You ain't got these moves

After a very stressful week and promises to myself as well as my close friends that I would not touch my email all weekend (despite not having a Blackberry, I often am ‘that girl’ these days on my Nokia if there is wireless internet available), I tried to pull together some modicum of energy to meet some social obligations I felt less than ready for.

Despite being four months pregnant, I managed to squeeze my growing belly into not one but two different dresses this weekend, first for a former student’s wedding and second for a friend’s graduation party. In the ex-pat community in Qatar it is an honor to be invited to a wedding – well in all societies a wedding invite is a treat – but here especially where there can be limited interaction between people of various ethnic groups and particularly since women’s gatherings are private domain where people literally let down their hair otherwise coiled beneath headscarves at work, the gym, or mall.

I’ve been to weddings before and confess to dreading them because often the invitation comes from a friend or relative of the bride. So you don’t know her, but find yourself in a room with hundreds of other women made up to rival any Hollywood movie premier, waiting for the bride’s arrival which is often hours past the start of the reception.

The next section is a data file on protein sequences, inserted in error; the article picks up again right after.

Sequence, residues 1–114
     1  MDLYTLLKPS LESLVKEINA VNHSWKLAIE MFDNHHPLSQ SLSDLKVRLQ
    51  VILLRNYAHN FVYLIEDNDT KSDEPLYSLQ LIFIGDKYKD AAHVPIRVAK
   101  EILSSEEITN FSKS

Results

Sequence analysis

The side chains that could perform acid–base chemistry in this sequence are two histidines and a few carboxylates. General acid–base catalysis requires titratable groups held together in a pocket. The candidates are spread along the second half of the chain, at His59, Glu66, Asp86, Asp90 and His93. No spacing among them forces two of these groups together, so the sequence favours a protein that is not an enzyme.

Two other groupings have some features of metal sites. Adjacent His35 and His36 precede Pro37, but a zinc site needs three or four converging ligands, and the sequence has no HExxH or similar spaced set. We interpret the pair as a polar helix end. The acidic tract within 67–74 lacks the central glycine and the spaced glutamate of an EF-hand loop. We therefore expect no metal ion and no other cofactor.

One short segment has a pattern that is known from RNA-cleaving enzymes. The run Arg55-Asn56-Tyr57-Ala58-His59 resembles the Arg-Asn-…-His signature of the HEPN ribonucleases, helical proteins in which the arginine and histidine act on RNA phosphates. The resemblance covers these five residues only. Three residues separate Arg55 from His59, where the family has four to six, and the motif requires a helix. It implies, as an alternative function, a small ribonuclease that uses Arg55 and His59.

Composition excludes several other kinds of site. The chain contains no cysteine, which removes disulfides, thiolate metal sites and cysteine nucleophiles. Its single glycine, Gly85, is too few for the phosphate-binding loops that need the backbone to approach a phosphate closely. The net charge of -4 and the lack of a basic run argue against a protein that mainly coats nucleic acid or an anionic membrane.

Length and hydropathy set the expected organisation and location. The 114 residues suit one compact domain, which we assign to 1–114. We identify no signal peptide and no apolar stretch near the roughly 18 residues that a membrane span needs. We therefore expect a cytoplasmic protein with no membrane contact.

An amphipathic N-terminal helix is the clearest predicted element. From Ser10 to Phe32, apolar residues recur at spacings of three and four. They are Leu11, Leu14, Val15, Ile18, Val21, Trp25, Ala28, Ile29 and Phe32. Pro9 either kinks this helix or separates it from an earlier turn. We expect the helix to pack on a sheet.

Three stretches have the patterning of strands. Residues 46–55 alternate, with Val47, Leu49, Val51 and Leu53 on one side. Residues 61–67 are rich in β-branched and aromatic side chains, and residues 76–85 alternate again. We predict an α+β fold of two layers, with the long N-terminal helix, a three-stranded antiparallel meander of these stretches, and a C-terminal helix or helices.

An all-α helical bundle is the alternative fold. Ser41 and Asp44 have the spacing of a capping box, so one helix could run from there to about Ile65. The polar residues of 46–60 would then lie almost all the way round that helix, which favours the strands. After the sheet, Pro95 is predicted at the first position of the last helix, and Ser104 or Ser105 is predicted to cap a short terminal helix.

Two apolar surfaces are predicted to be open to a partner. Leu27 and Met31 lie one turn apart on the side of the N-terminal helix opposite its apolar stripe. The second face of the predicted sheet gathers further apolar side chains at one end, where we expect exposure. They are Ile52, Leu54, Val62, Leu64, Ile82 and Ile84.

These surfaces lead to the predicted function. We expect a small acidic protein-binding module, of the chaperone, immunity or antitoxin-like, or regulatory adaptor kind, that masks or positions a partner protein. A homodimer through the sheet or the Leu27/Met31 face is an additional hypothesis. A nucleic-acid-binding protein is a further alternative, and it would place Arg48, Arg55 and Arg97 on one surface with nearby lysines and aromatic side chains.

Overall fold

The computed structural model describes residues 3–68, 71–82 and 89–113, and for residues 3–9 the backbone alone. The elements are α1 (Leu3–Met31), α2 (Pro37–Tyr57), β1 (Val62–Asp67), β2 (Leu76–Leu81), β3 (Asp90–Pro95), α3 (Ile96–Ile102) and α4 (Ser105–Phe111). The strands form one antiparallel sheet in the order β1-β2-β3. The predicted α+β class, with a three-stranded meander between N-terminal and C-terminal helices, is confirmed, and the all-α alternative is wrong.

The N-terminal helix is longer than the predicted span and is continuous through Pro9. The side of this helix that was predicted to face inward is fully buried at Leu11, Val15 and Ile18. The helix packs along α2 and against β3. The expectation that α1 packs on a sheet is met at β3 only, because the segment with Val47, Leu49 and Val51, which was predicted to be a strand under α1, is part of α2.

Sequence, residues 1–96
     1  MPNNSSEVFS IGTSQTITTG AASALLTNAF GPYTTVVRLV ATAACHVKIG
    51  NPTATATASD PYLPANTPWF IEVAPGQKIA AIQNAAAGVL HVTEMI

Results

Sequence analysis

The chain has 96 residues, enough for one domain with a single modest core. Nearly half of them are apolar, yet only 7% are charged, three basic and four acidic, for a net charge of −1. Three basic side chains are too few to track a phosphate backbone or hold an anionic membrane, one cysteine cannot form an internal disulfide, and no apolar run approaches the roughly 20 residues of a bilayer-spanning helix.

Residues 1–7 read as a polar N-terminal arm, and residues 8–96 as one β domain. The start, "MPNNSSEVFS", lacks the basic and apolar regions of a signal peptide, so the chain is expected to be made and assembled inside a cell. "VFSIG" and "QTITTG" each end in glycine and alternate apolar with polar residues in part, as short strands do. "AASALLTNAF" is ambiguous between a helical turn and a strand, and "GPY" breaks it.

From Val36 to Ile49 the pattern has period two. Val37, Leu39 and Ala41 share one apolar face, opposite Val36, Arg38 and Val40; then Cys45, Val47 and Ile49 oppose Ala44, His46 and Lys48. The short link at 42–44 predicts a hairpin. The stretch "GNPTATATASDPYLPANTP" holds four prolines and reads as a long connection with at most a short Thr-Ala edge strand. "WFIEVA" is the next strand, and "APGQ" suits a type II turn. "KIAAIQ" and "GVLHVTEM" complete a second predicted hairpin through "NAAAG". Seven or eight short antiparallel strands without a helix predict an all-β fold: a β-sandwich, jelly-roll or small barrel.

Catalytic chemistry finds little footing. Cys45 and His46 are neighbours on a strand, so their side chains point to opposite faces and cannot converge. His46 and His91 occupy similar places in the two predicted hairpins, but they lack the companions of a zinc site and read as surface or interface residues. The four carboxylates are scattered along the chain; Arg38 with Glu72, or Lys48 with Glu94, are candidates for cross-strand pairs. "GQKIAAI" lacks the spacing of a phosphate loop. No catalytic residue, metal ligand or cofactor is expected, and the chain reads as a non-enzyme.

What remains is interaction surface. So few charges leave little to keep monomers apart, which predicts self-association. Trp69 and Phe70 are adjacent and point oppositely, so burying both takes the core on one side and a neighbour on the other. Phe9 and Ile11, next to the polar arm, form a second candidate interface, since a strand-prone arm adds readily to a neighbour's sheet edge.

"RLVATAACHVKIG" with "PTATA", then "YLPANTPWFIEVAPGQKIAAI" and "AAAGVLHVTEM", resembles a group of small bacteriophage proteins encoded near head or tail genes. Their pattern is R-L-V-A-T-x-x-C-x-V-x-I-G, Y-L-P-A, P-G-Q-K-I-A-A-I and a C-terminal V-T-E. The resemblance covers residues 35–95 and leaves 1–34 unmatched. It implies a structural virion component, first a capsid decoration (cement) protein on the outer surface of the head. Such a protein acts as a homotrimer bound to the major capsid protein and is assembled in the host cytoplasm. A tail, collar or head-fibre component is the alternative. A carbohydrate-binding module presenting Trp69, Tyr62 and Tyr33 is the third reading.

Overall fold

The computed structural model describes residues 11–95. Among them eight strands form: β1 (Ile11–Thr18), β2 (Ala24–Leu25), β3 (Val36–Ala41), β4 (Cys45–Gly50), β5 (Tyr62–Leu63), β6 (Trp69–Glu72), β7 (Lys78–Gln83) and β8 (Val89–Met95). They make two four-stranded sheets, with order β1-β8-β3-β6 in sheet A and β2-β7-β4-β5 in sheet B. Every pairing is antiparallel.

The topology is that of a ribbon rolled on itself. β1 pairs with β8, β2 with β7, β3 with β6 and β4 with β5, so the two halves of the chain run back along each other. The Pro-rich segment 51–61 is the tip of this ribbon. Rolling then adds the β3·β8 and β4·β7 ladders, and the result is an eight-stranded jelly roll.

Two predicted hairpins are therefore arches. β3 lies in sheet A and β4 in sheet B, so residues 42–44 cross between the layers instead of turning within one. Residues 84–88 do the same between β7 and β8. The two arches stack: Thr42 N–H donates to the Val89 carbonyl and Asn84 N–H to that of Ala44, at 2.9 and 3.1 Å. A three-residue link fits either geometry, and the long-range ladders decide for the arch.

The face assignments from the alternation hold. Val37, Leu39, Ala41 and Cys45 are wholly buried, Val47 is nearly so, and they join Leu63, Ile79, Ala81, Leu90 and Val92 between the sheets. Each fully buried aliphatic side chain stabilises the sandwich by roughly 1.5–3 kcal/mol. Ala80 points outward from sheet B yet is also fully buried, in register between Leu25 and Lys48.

In this, Qatari and western weddings are similar: people waiting for the guest of honor, waiting to eat, in short, all dressed up and waiting. The first time you go to a wedding, this waiting is filled with nothing short of ogling because this may be the first time you see so much female flesh amongst the abaya clad set that normally perambulates as dark figures with hints of color on sleeves and headscarves on the streets and malls of the Gulf. I was no less guilty my first visit to a wedding (published as an article in Melusine literary magazine,

Because women are so nondescript in public, the western is often shocked at the contrast in public where strapless, midriff, or skin tight are the norm. It’s the constant inability to understand what other cultures find instinctual: there is a division between public and private and no one feels the pressure to prove anything to those who aren’t in both spheres. After all, opposite of individualistic cultures, the importance isn’t on the life lived outside the home, but the one and the relationships connected to the home. As a young South Asian girl growing up in the U.S., I may no have worn an abaya but I certainly couldn’t compete with my American friends when it came to shorts, bathing suits, or prom dresses (when I was allowed to go to the occasions that necessitated any of these items).

For Qatari brides, they have some of the same restrictions of South Asian brides: even after they enter, it is unseemly to smile, dance, or in general be happy. With my students and friends I’ve had endless talks about how this particular tradition is wearisome and against what they would actually want to do. But they are bound to do the smile-less  fifteen minute minuet to the raised platform on the other end of the room because if they don’t, people will talk.